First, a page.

How should I clean and care for DVDs?

Since DVDs are read by a laser, they are resistant to fingerprints, dust, smudges, and scratches. However, surface contaminants and scratches can cause data errors, so it's a good idea to take care of your discs. In general treat them the same way as you would a CD. Don't attempt to play a cracked disc, as it could shatter and damage the player. It doesn't hurt to leave the disc in the player, even if it's paused and still spinning, but leaving it running unattended for days on end might not be a good idea. Handle discs only at the hub or outer edge. Don't touch the shiny surface with your greasy fingers.

Store in a protective case when not in use. Don't bend the disc when taking it out of the case, and be careful not to scratch the disc when placing it in the case or in the player tray. Make certain the disc is properly seated in the player tray before you close it.

Keep discs away from radiators, heaters, hot equipment surfaces, direct sunlight, pets, small children, and other destructive forces. Magnetic fields have no effect on DVDs, so it's ok to leave them sitting on your speakers.

Repairing DVDs

If you notice problems when playing a disc, you may be able to correct them with a simple cleaning. Do not use strong cleaners, abrasives, solvents, or acids.

With a soft, lint-free cloth, wipe gently in only a radial direction (a straight line between the hub and the rim). Since the data is arranged circularly on the disc, the micro scratches you create when cleaning the disc will cross more error correction blocks and be less likely to cause unrecoverable errors.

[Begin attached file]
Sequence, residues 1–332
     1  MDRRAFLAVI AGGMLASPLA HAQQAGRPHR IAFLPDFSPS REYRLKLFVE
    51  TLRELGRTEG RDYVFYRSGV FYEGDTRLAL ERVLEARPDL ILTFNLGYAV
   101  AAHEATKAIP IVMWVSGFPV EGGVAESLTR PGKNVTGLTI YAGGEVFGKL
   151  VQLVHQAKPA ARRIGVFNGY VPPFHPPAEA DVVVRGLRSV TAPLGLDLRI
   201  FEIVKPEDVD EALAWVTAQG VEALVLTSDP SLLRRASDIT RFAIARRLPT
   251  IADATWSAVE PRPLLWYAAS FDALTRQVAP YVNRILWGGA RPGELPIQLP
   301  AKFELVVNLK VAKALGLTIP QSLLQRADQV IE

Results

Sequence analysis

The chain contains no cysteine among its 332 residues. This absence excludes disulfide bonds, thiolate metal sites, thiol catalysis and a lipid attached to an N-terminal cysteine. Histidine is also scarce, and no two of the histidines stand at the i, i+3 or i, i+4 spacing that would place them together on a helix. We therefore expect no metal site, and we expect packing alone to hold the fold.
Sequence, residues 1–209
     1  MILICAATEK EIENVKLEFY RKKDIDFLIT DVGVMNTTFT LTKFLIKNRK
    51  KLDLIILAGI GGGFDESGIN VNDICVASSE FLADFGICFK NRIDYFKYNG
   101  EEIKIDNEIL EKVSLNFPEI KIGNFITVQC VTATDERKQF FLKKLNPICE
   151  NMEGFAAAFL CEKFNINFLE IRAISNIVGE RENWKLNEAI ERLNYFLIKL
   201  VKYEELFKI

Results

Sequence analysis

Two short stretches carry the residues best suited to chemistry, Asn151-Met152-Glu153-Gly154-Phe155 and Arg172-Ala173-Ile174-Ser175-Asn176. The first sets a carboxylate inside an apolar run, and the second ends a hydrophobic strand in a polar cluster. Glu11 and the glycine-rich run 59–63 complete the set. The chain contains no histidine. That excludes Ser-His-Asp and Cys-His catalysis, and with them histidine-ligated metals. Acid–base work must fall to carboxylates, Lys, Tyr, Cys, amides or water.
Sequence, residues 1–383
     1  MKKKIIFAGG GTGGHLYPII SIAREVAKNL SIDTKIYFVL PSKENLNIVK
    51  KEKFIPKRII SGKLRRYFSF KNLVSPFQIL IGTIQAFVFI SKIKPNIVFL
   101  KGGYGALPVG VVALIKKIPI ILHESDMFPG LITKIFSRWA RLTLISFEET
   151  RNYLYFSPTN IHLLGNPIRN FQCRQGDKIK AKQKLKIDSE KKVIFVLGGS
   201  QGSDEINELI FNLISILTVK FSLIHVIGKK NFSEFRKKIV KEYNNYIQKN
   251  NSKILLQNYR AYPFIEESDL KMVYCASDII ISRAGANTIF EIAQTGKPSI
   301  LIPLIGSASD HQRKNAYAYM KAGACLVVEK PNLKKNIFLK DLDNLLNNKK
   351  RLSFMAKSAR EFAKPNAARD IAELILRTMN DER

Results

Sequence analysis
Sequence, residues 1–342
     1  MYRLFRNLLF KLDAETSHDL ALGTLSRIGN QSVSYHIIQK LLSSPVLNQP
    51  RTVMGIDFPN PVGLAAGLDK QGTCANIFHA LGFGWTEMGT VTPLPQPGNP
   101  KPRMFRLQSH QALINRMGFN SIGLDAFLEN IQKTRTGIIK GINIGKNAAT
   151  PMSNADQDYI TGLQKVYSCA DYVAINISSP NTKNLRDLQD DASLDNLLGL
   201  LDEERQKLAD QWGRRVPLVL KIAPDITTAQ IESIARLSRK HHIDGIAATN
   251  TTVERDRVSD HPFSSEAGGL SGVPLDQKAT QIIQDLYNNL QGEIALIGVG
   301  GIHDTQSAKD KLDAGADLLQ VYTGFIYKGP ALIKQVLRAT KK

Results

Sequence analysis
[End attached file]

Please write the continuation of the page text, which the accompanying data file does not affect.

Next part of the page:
For stubborn dirt or gummy adhesive, use water, water with mild soap, or isopropyl alcohol. As a last resort, try peanut oil. Let it sit for about a minute before wiping it off.
There are commercial products that clean discs and provide some protection from dust, fingerprints, and scratches. CD cleaning products work as well as DVD cleaning products.

If you continue to have problems after cleaning the disc, you may need to attempt to repair one or more scratches. Sometimes even hairline scratches can cause errors if they just happen to cover an entire error correction (ECC) block. Examine the disc to find scratches, keeping in mind that the laser reads from the bottom.

There are essentially two methods of repairing scratches: 1) fill or coat the scratch with an optical material; 2) polish down the scratch. There are many commercial products that do one or both of these, or you may wish to do it yourself with polishing compounds or toothpaste. The trick is to polish out the scratch without causing new ones. A mess of small polishing scratches may cause more damage than a big scratch. As with cleaning, polish only in the radial direction.

Contact our experts!

If you do not find the answer to your question in this list of frequently asked quesions, then please visit our studios or fill out our enquiry form and one of our DVD experts will respond to your query within 24 hours.

Opening hours: Monday to Friday 9.30 to 5.30. Open during lunch.

Directions to our studios

 

DVD Centre are Ireland's digital media specialists. Located in the heart of Dublin City for over thirteen years, we provide services to both personal and corporate clients. Our staff aim to make complex technologies simple to understand. Whether it’s a single tape conversion or a corporate client requiring archiving of video and audio tapes, our friendly, professional staff are here to help.